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Error Correction by Alternating Read Threshold Levels

IP.com Disclosure Number: IPCOM000092161D
Original Publication Date: 1968-Oct-01
Included in the Prior Art Database: 2005-Mar-05
Document File: 2 page(s) / 22K

Publishing Venue

IBM

Related People

Irwin, JW: AUTHOR

Abstract

An apparent error resulting from loss of detected signals from a magnetic recording medium, such as magnetic tape, is corrected by alternating the threshold level of the sensor circuits during reread attempts. The threshold level for envelope detectors associated with a magnetic tape is normally higher during a read operation than during write checking. Therefore, two or more tracks dropping below the read threshold level produce an apparently uncorrectable error even though the record write checks correctly.

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Error Correction by Alternating Read Threshold Levels

An apparent error resulting from loss of detected signals from a magnetic recording medium, such as magnetic tape, is corrected by alternating the threshold level of the sensor circuits during reread attempts. The threshold level for envelope detectors associated with a magnetic tape is normally higher during a read operation than during write checking. Therefore, two or more tracks dropping below the read threshold level produce an apparently uncorrectable error even though the record write checks correctly.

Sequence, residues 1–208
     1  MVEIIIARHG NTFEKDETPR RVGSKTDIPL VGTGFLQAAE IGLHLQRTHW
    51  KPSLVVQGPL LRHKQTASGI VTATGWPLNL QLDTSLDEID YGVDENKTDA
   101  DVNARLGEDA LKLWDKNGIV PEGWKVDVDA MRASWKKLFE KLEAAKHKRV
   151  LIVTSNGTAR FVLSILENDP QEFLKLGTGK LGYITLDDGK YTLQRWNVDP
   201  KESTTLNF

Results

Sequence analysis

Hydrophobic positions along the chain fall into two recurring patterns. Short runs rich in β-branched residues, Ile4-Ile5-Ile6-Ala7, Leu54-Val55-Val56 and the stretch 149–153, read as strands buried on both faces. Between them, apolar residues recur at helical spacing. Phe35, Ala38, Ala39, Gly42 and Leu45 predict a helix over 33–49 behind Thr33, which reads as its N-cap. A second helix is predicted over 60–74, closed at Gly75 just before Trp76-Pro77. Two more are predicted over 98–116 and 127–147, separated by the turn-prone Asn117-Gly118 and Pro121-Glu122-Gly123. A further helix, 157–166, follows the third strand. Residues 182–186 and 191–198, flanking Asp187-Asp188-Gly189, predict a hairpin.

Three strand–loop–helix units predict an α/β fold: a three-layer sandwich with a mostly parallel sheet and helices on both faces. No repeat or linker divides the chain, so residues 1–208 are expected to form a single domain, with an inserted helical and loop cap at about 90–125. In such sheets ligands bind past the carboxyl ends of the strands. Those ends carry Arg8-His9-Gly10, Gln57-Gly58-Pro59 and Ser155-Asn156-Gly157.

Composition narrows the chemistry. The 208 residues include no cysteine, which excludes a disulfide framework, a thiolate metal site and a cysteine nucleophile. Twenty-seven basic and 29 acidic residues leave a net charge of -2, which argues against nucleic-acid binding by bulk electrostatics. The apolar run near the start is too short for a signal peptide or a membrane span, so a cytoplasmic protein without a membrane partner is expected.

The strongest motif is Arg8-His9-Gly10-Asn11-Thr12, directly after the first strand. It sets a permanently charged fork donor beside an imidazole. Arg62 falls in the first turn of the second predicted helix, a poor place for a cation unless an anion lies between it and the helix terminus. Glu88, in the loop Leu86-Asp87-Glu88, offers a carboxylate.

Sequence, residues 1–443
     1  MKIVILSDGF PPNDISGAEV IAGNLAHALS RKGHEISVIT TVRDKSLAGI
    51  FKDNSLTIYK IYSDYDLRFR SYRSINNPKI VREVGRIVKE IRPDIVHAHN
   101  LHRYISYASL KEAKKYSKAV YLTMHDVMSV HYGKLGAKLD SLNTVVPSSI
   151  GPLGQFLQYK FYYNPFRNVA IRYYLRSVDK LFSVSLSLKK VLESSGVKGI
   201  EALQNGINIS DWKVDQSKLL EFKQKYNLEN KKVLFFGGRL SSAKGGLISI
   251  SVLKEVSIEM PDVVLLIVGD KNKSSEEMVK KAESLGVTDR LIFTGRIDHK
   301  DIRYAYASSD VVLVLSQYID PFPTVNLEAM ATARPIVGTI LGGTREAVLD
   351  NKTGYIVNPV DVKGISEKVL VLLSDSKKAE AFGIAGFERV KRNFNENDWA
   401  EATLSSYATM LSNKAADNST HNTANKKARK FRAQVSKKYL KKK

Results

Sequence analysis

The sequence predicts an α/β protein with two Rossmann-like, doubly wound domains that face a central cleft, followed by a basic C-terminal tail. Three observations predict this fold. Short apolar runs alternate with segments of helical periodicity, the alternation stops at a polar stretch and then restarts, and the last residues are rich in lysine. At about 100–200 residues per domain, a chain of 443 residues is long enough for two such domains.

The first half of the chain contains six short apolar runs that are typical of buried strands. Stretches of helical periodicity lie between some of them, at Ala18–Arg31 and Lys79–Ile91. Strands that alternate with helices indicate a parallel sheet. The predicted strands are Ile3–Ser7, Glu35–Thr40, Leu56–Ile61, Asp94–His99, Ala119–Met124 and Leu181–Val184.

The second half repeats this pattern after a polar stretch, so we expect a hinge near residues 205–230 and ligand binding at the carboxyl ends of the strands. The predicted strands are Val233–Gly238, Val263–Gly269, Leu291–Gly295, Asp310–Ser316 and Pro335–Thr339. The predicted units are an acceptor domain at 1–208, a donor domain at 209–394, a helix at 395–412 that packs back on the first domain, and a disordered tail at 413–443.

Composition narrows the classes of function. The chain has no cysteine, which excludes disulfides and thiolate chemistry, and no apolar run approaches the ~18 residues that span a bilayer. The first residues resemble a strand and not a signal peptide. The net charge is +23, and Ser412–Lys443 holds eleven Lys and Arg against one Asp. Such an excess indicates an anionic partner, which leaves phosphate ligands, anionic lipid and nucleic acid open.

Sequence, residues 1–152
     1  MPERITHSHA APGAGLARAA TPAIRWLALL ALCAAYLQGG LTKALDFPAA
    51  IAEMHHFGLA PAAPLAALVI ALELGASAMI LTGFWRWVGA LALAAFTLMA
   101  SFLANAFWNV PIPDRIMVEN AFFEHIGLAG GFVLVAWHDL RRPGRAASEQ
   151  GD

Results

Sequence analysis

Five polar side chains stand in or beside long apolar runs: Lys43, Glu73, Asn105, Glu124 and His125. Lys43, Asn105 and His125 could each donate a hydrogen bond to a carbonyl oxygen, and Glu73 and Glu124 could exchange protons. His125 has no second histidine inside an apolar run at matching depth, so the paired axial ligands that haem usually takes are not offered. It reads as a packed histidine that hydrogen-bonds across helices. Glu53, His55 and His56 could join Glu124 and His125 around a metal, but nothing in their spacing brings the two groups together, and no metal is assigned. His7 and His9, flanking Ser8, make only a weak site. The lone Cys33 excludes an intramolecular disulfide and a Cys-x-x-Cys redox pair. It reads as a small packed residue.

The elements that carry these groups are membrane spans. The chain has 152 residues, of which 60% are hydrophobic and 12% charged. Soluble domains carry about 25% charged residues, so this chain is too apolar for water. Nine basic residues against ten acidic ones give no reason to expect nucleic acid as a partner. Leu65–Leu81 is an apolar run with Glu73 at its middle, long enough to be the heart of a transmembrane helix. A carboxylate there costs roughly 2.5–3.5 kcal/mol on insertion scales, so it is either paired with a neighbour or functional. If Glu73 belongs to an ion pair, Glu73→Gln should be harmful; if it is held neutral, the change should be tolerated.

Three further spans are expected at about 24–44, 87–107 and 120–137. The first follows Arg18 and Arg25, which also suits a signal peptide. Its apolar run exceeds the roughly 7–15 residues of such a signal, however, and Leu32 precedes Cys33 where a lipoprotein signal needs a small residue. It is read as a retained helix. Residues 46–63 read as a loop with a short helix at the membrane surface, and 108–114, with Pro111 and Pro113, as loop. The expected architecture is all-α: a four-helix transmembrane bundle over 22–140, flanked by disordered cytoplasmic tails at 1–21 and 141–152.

The detection of an apparent error causes a signal to be introduced at 11 to partially condition And 10. The tape drive automatically backspaces, or forward spaces if in a read-backward mode, in an effort to reread the record. When this occurs, a signal is produced at 12 which completes the conditioning of 10 and thus sets trigger 15. The threshold level control 16 responds to the output of 15 to produce a signal at output terminal 18 so as to change a DC reference potential being supplied to the energy magnitude sensors, thus reducing the threshold sensitivity level of these sensors. The drive then attempts to reread the record with this lower sensitivity level. If the number of tracks in error is reduced to one, conventional circuitry then corrects for the erroneous track.

If the apparent error persists, a second retry is initiated and a second pulse is introduced at 12, thus resetting 15 and returning...